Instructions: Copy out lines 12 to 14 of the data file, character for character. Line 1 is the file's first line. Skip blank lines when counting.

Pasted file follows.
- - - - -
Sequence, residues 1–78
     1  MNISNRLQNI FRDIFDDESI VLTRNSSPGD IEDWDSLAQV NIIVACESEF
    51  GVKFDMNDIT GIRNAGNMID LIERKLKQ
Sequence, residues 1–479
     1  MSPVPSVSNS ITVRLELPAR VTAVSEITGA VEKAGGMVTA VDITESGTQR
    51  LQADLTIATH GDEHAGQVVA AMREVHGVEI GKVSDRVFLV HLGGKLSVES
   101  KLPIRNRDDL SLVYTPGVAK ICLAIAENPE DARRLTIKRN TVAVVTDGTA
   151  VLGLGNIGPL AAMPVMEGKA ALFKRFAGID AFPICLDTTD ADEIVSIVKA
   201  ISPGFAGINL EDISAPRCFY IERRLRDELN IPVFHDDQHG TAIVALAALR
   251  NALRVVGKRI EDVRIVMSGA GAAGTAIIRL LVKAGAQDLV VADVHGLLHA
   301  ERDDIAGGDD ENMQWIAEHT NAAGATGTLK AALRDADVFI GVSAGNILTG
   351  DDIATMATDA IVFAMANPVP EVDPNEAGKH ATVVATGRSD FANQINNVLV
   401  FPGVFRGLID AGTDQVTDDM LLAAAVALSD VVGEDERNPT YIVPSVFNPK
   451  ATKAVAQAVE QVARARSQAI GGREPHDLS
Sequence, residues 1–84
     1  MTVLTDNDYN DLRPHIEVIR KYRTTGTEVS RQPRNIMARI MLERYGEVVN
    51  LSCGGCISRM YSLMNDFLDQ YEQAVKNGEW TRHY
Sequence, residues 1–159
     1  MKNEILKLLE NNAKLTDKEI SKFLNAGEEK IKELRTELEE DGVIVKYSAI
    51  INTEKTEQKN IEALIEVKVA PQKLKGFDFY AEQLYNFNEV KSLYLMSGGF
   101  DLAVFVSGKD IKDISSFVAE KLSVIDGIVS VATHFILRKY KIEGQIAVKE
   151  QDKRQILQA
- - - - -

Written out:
   351  DDIATMATDA IVFAMANPVP EVDPNEAGKH ATVVATGRSD FANQINNVLV
   401  FPGVFRGLID AGTDQVTDDM LLAAAVALSD VVGEDERNPT YIVPSVFNPK
   451  ATKAVAQAVE QVARARSQAI GGREPHDLS